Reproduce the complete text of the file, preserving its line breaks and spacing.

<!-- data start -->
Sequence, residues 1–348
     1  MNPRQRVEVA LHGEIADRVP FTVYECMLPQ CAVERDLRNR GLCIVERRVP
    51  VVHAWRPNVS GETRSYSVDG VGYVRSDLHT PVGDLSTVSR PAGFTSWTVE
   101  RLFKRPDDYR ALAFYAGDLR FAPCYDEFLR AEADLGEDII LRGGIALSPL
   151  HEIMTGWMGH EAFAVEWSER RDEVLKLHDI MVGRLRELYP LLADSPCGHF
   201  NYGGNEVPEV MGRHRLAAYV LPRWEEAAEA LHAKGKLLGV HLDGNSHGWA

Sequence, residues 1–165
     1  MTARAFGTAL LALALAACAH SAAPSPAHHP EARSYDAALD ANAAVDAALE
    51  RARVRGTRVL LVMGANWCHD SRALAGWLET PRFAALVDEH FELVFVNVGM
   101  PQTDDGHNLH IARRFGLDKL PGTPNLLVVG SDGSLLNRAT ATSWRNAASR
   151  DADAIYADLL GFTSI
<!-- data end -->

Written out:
Sequence, residues 1–348
     1  MNPRQRVEVA LHGEIADRVP FTVYECMLPQ CAVERDLRNR GLCIVERRVP
    51  VVHAWRPNVS GETRSYSVDG VGYVRSDLHT PVGDLSTVSR PAGFTSWTVE
   101  RLFKRPDDYR ALAFYAGDLR FAPCYDEFLR AEADLGEDII LRGGIALSPL
   151  HEIMTGWMGH EAFAVEWSER RDEVLKLHDI MVGRLRELYP LLADSPCGHF
   201  NYGGNEVPEV MGRHRLAAYV LPRWEEAAEA LHAKGKLLGV HLDGNSHGWA

Sequence, residues 1–165
     1  MTARAFGTAL LALALAACAH SAAPSPAHHP EARSYDAALD ANAAVDAALE
    51  RARVRGTRVL LVMGANWCHD SRALAGWLET PRFAALVDEH FELVFVNVGM
   101  PQTDDGHNLH IARRFGLDKL PGTPNLLVVG SDGSLLNRAT ATSWRNAASR
   151  DADAIYADLL GFTSI